Image as Activism: Gordon Parks’ Focus on the Finer Points February 18 2017


Signs in the windows of a Marcus Garvey club in the Harlem area by Gordon Parks
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It could be said that Gordon Parks' specialty was telling unexpected visual stories with exceptional eloquence. A pioneering film director, composer and writer, Parks was a bonafide polymath but is best remembered for his work in the field of documentary photojournalism. One of his most iconic images—Washington, D.C. Government charwoman—was created during his tenure with the photography program of the Farm Security Administration, along with numerous other stunning if less widely known images. Today's release is one of those lesser-known gems. 

Parks held a year-long fellowship with the FSA as part of a government effort to document life in Depression-era America, honing his aesthetic and enriching what would be an enduring impetus behind his work: exploring the socio-economic impact of racism. He shot a handful of images outside of this Marcus Garvey club in Harlem, New York, focussing on Garvey’s supporters in front of the establishment. 

This particular photograph is the only one that sheds light on the details of the window display. Centered among articles, full publications and a prayer for the president is a large portrait of Garvey, the Jamaican-born Black nationalist and founder of the Universal Negro Improvement Association (UNIA). Parks made this photo in 1943, three years after Garvey's death—a testament to Garvey's lasting influence in Harlem.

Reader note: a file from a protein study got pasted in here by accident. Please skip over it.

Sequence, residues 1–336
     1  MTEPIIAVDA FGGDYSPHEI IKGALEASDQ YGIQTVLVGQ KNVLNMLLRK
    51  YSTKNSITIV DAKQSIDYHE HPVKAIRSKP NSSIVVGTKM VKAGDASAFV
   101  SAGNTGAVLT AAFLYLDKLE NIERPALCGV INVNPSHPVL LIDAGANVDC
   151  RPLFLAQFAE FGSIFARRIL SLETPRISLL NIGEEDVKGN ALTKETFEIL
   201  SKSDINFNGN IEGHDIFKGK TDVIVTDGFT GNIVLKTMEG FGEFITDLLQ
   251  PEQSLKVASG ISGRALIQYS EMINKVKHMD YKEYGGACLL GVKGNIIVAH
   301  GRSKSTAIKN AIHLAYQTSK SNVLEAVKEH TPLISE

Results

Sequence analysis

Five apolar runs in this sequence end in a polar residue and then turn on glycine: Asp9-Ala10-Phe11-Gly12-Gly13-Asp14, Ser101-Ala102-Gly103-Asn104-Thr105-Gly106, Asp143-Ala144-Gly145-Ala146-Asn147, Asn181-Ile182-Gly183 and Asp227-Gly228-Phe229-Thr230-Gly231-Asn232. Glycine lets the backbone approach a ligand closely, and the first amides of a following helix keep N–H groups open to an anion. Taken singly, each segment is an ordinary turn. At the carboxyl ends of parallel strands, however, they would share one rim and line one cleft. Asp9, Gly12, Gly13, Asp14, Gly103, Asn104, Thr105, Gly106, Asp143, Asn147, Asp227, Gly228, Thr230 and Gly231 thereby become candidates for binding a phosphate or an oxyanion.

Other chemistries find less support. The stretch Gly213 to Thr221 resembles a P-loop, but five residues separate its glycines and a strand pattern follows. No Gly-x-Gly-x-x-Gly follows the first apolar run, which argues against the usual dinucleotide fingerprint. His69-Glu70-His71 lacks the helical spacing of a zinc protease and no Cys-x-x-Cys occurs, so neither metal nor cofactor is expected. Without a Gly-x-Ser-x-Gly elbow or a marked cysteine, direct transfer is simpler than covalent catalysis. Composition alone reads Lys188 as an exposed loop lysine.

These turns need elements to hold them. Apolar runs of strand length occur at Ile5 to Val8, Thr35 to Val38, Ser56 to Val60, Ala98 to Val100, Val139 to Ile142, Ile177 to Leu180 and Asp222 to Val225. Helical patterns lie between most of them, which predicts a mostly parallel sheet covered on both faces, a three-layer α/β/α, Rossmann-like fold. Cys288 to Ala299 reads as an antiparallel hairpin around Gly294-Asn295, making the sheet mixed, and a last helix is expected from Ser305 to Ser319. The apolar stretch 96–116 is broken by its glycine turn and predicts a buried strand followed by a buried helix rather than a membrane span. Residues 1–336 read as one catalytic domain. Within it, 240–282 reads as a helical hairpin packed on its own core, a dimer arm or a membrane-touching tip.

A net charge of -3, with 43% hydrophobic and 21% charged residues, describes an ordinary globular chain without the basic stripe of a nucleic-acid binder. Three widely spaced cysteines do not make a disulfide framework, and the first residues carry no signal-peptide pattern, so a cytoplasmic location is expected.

On assignment for the Office of War Information, Harlem captured Parks’ heart—so much so that he relocated to the NY neighborhood in 1947. His subsequent photo essay on a Harlem gang leader would go on to earn him a job at LIFE Magazine, making him the first Black photographer at the prominent publication. His historic trajectory can loosely be traced from self-taught photographer, to creating FSA images like today's edition release, to shooting for LIFE and Vogue and solidifying his reputation as an acclaimed artist.

There’s a narrative to follow in this image, a puzzle to piece together that’s as much about the club itself and its figurehead and the neighborhood as it is about ways of seeing. Turning his lens to Black lives, poverty and the Civil Rights Movement, Parks opened eyes to the realities facing Black Americans in the mid-20th century. But more broadly, he urged viewers to wake up to our own ignorance, to pay attention to that which too often goes overlooked—whether it be a thoughtfully arranged window display, a Harlem family at the Poverty Board, or a woman doing janitorial work in the halls of the FSA.

With art for everyone,
Jen Bekman + Team 20x200